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GRE Quantitative - Integers




 
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This lesson is part of a series of lessons for the quantitative reasoning section of the GRE revised General Test. In this lesson, we will learn about

  • Adding, Subtracting, Multiplying and Dividing Integers
  • Even and Odd Integers
  • Factors and Multiples
  • Least Common Multiple
  • Greatest Common Factor
  • Prime Numbers
  • Prime Factorization
Integers
The integers are the numbers (1, 2, 3, ... ), together with their negatives, (−1, −2, −3, ...)  and zero, 0. Therefore, the set of integers consists of { ... , −3, −2, −1, 0, 1, 2, 3, ... }. The positive integers are greater than 0, the negative integers are less than 0, and 0 is neither positive nor negative. When integers are added, subtracted, or multiplied, the result is always an integer.

Adding Integers

When adding two integers of the same sign

  • Add their absolute values and
  • Keep the sign of the original integers.

When adding two integers with different signs

  • Find the absolute value of both.
  • Subtract the smaller value from the larger value.
  • The sign of the answer is the original sign of the number with the larger absolute value.

The following video shows how to add integers using the number line and how to add integers using rules.
The following video gives more examples of using rules to add integers



Subtracting Integers
We can rewrite a subtraction problem as an addition problem.
Subtracting a positive is the same as adding a negative.
xy = x + (−y)
Subtracting a negative is the same as adding a positive.
x – (−y)= x + y

The following video shows how to write a subtraction problem as an addition problem and then use the rules for adding integers.
Multiplying integers
When multiplying two integers:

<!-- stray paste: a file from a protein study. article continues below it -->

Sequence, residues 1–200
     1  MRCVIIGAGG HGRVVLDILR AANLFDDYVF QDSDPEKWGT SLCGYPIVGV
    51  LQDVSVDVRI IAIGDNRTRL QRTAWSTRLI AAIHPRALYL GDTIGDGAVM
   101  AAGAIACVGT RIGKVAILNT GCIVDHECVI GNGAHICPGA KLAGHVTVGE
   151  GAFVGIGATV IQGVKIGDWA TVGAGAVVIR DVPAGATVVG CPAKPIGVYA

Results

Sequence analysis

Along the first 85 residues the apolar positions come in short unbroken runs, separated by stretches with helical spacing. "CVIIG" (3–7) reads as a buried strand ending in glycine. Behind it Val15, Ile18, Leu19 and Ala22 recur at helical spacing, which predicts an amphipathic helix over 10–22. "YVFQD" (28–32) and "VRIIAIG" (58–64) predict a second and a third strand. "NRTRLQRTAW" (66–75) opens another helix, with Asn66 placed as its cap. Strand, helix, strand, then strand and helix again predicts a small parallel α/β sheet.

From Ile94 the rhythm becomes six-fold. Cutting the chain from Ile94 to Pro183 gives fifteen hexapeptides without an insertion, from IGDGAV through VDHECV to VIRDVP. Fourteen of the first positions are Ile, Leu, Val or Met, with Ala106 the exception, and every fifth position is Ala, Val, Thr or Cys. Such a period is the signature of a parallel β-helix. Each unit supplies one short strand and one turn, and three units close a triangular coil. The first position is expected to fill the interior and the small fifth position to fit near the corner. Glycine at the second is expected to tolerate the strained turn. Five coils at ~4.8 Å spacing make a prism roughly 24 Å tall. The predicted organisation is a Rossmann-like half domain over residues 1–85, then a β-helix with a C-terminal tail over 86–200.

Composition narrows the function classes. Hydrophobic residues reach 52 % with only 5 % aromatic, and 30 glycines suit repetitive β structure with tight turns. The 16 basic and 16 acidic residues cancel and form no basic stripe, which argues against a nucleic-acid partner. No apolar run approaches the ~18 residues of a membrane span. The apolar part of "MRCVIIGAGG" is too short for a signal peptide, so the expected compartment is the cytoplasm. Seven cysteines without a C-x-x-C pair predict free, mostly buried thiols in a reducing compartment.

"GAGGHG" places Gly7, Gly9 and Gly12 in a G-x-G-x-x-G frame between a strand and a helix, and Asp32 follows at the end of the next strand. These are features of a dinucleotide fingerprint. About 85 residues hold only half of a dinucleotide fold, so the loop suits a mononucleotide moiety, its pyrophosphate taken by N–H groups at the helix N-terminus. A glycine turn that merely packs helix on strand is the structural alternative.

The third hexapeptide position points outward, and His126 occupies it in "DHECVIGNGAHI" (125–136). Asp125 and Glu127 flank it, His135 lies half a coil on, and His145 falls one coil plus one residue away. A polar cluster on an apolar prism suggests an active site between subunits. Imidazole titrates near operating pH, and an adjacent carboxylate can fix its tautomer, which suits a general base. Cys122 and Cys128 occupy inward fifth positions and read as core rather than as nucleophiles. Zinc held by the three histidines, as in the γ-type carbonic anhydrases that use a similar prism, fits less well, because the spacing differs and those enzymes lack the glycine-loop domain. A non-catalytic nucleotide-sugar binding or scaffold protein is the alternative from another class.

If the signs are the same, the product is positive.
(+)(+) = (+)
(−)(−) = (+)
If the signs are different, the product is negative.
(−)(+) = (−)
(+)(−) = (−)

When two or more integers are multiplied:

  • The product of an even number of negative numbers is positive.
  • The product of an odd number of negative numbers is negative.
This video gives the basic rules for multiplying integers and provides several examples.


 
Dividing integers
When dividing two integers:
If the signs are the same, the quotient is positive.
If the signs are the different, the quotient is negative.

This video gives the basic rules for dividing integers and provides several examples.
Even and odd integers
Even integers are integers that are divisible by 2. Zero is considered an even integer. An even integer always ends in 0, 2, 4, 6, or 8. The set of even integers is {... , −12, −10, −8, −6, −4, −2, 0, 2, 4, 6, 8, 10, 12,  ...}

Odd integers are integers that are not divisible by 2. An odd number always ends in 1, 3, 5, 7, or 9. Note that when a positive odd integer is divided by 2, the remainder is always 1. The set of odd integers is {... , −11, −9, −7, −5, −3, −1, 1, 3, 5, 7, 9, 11, ...}

To tell whether a number is even or odd, look at the rightmost digit.
For example, the number 255 is an odd number because it ends in 5, which is odd. Likewise, 702 is an even number because it ends in 2, which is even.

There are several useful facts regarding the sum of even and odd integers.
• The sum of two even integers is an even integer.
• The sum of two odd integers is an even integer.
• The sum of an even integer and an odd integer is an odd integer.

There are several useful facts regarding the product of even and odd integers.
• The product of two even integers is an even integer.
• The product of two odd integers is an odd integer.
• The product of an even integer and an odd integer is an even integer.

Addition examples:
even + even = even 2 + 2 = 4
odd + odd = even 1 + 1 = 2
odd + even = odd 1 + 2 = 3
   
Multiplication examples:
even × even = even 2 × 2 = 4
odd × odd = odd 1 × 1 = 1
odd × even = even 1 × 2 = 2

The following video shows examples of sum and product of even and odd integers and their patterns.


Factors and Multiples
In the problem, 3 × 10 = 30
3 and 10 are both factors or divisors of 30. 30 is a multiple of both 3 and 10.

A number is a factor of 30 if it can divide 30.
A list of all the positive factors of 30:  1, 2, 3, 5, 6, 10, 15, 30
A list of all the negative factors of 30:  −1, −2, −3, −5, −6, −10, −15, −30